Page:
The tourism sector in Malaysia ranks second as a generator of foreign exchange, and provides jobs to many people employed in the hotel and transportation industries, as well as those in the restaurant and other tourism-related businesses.

Tourism receipts in Malaysia totalled RM9174.9 million in 1995, and surged to RM25,781.1 million in 2002, growing at about 15.9% annually during that period. The 2003 receipts however dropped drastically to RM 21,292.1 million due to SARS. Despite the big drop, one can appreciate the rising importance of this industry’s contribution to foreign exchange earnings from the following figures: tourism’s share of the travel receipts in the services account of the balance of payment has increased from 20% in 1997 to 48% in 2002 (Public Bank 2003). Tourist arrivals in Malaysia are shown in Chart I, which indicate that tourist arrivals dropped by about 24% in 2003 due to the SARS scare. In 2003, about 56% of the tourists are from Singapore, which is not surprising as the island city is our closest neighbor.

Chart I: Tourist Arrivals in Malaysia 1981-2003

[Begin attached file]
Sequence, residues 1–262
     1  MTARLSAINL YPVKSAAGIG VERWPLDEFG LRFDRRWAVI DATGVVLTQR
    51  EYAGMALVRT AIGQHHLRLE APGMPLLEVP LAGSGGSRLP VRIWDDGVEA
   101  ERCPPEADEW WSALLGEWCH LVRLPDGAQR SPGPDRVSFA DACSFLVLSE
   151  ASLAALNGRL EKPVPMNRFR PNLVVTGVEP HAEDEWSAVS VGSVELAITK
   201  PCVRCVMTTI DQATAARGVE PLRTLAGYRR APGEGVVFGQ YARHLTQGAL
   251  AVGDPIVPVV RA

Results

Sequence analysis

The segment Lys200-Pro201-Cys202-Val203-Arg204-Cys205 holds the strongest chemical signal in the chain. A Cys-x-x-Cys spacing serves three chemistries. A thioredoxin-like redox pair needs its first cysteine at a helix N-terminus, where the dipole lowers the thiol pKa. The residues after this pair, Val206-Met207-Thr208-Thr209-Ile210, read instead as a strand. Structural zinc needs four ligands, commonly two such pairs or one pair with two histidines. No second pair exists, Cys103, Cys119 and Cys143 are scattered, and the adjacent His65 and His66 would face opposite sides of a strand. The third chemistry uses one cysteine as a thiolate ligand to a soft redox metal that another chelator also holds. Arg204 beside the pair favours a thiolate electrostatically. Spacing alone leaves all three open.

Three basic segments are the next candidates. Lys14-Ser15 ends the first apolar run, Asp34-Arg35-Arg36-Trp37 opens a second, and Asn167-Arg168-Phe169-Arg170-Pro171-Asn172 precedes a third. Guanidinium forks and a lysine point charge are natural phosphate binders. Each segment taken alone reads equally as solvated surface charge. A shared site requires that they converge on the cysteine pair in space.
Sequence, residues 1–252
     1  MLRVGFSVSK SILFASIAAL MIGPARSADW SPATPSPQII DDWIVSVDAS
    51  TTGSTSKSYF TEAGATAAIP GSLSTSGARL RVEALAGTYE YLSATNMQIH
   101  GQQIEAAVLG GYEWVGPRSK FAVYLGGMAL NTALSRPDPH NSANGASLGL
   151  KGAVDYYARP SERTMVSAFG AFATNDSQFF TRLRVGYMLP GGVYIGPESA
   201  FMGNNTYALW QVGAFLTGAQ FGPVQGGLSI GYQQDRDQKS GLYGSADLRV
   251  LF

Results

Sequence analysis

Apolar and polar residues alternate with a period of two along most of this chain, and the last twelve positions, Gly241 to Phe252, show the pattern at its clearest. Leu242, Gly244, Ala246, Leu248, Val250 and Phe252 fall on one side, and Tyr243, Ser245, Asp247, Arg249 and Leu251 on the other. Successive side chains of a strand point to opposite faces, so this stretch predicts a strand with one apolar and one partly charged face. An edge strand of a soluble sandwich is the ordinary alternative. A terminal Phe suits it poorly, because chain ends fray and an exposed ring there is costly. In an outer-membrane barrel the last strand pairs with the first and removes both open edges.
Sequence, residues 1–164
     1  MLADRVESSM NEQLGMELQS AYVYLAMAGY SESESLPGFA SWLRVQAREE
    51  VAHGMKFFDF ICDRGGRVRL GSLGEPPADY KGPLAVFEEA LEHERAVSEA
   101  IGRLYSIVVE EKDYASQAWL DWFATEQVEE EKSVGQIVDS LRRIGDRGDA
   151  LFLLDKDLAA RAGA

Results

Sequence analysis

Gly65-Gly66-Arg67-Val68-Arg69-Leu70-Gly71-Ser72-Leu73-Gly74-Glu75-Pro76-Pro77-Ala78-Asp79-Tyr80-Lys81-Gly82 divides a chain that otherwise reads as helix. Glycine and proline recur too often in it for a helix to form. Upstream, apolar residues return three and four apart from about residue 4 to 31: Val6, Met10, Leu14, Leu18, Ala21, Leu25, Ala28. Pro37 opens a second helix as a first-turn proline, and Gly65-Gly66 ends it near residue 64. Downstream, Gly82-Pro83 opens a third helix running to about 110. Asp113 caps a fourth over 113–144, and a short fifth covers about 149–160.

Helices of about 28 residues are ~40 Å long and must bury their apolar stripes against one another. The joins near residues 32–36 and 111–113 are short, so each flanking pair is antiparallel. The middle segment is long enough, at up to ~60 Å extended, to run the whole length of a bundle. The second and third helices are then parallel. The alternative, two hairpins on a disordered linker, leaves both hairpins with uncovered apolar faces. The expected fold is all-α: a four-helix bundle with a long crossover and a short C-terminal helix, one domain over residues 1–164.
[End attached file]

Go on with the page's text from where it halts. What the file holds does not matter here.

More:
What is ecotourism?
Ecotourism has now become a buzzword in many circles (politicians, NGOs, businessmen, academics and environmentalists), and almost every country that has some natural resources and historical heritage has jumped on to the bandwagon to develop this sub-sector of the tourism industry. From Ecuador to Sulawesi (Indonesia), from India to Australia, people talk and write about ecotourism (particularly visits to mangrove areas). This is because ecotourism is perceived to be the solution to the adverse effects of mass tourism, which most people view as “unsustainable.” Therefore to push for ecotourism is to be “politically correct” and moving with the times. Tropical countries such as Malaysia and other Southeast Asian countries see mangrove swamps (fashionably classified as wetlands nowadays) as another opportunity to develop ecotourism in their respective countries. This year the Forestry Department Peninsular Malaysia, in celebrating its centennial anniversary of the Matang Mangrove Forest Reserve, has included “mangrove and tourism” as one session in its present conference, which is the focus of my presentation. Happy centennial anniversary!